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Friday’s Carmel Pine Cone contained two unvarnished attempts to vilify Public Water Now, the group leading the upcoming attempt at a public takeover of Cal Am Water. George Riley, the extremely water-savvy managing director of Public Water Now, usually doesn’t let the Pine Cone’s excoriations get to him, but this heavy-handed and apparently erroneous attack got under his skin.

In a letter to the Pine Cone and the rest of local press corps, Riley calls reporter Kelly Nix’s front page story on Public Water Now “appalling” and argues that the companion editorial on April 21 was “riddled with inaccuracies, misrepresentations and assumptions.”

Riley goes on to demand a retraction and clarification though he said he doesn’t expect either. Pine Cone Editor and Publisher Paul Miller has been an unquestioning promoter of Cal Am at least since the turn of the century, and Cal Am has been a significant advertiser in the weekly publication. Efforts to control Cal Am’s rapidly escalating price structure or to scrutinize the company’s flawed and increasingly expensive desalination project have been met with derision, even ridicule from Miller.

In the news article on Friday, Nix focuses on a letter to Public Water Now from the Peninsula mayors’ water committee, saying it had been signed by the committee chairman, Pacific Grove Mayor Bill Kampe. In his letter of response, Riley says the letter was not signed by Kampe or anyone else, was not approved by the mayors’ committee and was not even sent.

“People who were at the meeting confirmed that the letter under discussion was not approved,” Riley wrote. “I watched the tape of the entire meeting. The Pine Cone is dead wrong in its report.”

A draft of the letter was considered as a possible response to a March letter from Riley in which he criticized the desalination venture in general and its reliance on so-called slant wells. He correctly notes that the slant-well technology, despite being favored by regulators, has not been put to at any desalination plant in the world. Nix sought to rebut that by quoting Cal Am officials as saying their controversial testing of the technology is going well. The testing process was interrupted by disclosures of conflicts of interests involving the designer of the technology.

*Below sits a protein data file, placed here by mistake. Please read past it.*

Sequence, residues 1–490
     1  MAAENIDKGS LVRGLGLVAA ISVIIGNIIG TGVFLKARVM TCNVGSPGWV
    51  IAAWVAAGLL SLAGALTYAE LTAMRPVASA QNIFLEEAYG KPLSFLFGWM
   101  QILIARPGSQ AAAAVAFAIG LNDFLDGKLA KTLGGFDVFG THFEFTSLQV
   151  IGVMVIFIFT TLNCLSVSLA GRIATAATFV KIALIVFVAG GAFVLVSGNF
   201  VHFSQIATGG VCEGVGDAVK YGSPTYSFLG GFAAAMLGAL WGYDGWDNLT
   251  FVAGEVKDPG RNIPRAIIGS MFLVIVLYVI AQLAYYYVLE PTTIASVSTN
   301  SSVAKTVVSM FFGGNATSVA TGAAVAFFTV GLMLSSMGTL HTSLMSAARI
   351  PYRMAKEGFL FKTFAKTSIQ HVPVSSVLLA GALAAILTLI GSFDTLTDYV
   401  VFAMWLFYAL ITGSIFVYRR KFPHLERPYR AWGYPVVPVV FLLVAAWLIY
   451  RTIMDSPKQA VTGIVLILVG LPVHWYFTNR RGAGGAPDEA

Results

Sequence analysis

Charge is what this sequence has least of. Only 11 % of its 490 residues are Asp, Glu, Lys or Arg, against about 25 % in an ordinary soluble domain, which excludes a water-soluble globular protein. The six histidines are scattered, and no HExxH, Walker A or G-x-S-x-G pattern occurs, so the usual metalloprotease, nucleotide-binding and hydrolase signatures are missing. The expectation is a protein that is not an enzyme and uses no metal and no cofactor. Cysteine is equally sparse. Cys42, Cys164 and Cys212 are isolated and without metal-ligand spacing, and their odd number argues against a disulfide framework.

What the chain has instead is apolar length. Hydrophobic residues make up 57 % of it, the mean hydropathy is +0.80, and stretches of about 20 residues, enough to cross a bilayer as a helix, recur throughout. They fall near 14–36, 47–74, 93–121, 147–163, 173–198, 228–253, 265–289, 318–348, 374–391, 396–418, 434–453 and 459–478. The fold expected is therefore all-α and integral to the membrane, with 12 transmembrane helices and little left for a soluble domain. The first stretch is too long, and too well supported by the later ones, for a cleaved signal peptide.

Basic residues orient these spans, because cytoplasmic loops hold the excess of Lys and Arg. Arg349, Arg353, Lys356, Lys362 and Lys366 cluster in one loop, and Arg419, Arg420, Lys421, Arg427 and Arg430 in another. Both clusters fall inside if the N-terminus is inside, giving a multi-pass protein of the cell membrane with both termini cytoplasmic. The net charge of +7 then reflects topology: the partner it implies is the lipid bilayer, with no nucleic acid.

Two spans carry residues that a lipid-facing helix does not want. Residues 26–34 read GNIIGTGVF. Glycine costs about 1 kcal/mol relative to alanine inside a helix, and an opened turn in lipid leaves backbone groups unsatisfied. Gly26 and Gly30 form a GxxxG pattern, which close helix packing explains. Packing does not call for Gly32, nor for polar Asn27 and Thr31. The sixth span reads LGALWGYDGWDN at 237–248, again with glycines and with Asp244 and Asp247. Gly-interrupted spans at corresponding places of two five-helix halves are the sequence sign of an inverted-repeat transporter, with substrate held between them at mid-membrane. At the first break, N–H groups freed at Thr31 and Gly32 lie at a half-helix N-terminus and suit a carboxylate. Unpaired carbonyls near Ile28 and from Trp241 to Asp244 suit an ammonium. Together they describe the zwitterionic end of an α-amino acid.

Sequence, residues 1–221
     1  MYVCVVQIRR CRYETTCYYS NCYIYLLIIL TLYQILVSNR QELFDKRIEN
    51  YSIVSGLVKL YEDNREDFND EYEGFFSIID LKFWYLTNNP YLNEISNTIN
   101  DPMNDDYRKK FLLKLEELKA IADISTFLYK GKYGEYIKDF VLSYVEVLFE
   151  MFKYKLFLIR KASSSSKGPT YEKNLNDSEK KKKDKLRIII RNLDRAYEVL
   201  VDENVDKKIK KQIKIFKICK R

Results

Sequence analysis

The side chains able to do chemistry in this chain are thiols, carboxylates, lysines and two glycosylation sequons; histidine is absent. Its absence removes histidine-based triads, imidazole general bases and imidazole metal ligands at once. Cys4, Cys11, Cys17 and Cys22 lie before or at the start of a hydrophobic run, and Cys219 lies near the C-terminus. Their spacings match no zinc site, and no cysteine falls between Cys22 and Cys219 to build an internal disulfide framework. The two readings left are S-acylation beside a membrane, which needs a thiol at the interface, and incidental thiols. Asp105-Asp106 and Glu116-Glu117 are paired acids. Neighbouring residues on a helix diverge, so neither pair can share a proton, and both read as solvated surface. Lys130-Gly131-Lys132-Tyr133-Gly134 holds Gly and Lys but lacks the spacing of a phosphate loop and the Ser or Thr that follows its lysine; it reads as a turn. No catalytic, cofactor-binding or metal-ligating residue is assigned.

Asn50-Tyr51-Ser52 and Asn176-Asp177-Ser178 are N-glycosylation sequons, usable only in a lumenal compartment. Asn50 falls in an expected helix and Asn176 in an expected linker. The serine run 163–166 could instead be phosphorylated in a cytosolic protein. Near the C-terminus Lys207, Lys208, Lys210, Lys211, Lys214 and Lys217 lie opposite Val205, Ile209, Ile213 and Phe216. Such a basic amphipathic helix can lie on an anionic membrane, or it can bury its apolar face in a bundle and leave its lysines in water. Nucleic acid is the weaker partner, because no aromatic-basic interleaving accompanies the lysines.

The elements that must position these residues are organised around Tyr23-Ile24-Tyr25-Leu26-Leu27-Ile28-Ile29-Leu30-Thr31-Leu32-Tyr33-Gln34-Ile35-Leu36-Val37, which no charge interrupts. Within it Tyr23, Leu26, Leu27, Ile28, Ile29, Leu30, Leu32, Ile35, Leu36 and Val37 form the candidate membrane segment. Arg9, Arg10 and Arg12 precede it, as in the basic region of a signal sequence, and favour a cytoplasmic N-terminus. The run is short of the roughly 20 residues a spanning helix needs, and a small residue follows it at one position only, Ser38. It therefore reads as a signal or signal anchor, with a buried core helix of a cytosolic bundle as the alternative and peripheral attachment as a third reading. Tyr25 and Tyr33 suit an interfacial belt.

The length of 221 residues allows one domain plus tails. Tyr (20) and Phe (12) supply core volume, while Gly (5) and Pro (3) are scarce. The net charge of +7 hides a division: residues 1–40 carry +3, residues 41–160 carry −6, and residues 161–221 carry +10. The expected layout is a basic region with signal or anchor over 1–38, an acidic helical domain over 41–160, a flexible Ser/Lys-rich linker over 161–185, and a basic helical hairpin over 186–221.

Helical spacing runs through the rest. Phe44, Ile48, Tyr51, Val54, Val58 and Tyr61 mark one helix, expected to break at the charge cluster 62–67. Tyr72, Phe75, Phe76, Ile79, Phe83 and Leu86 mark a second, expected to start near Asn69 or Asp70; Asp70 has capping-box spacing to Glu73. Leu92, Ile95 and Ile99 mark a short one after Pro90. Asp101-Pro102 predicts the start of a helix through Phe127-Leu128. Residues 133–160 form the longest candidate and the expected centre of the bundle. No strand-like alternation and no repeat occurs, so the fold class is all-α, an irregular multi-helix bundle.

“It’s most unfortunate for readers when the Pine Cone reports unsubstantiated information as fact,” Riley wrote. The account “was NOT based on what the mayors said.”

“It must feel exciting for a small paper to believe it has a big scoop, then pontificate with an editorial,” Riley continued. “But it is a serious breach of journalistic ethics, and your responsibility to this community, to fail to verify, or to ignore that step altogether.”

Riley retired as chief housing officer for San Mateo County and ever since has led Peninsula efforts to control Cal Am’s water rates and to put the private company into public hands in hopes of controlling costs.

Direct links to the Pine Cone article and the editorial are not included in this post because the weekly newspaper’s technology does not accommodate linkage. Those wanting to read those pieces can, however, go to the Pine Cone’s online archive (Google Carmel Pine Cone archive or click here) and then click on the line labeled “download this week’s edition” and wait for a download of a facsimile of Friday’s paper.

Nix’s article gives no indication that he sought any comment from Riley before posting his piece and Riley says he was not approached. The Partisan sent an email to Nix before working hours Tuesday and had not heard back as of 11 a.m. This report will be updated if he responds.

Unlike Nix’s story, Miller’s editorial makes no pretense of objectivity.

“… This community’s water activists must be the dumbest people in the world,” he writes.

“Not only do they incessantly fight every single thing that might help eliminate our perennial water shortage, they simply won’t give up on the idea of a government takeover of Cal Am, no matter how many times the public tells them, ‘No.’”

It goes on like that for several more paragraphs. He says the activists are opposed to desalination, slant wells, pipelines and even water recycling “for utterly nonsensical and self-serving reasons,”none of which he mentions.

He writes that the activists “hate private business and have a deep narcissistic desire to get everybody else to hate businesses, too.”

He concludes, “The only intelligent thing for the activists to do would be to devote their energy to helping solve the Monterey Peninsula’s water problem, and stop pursuing their little takeover hobby until the shortage is gone.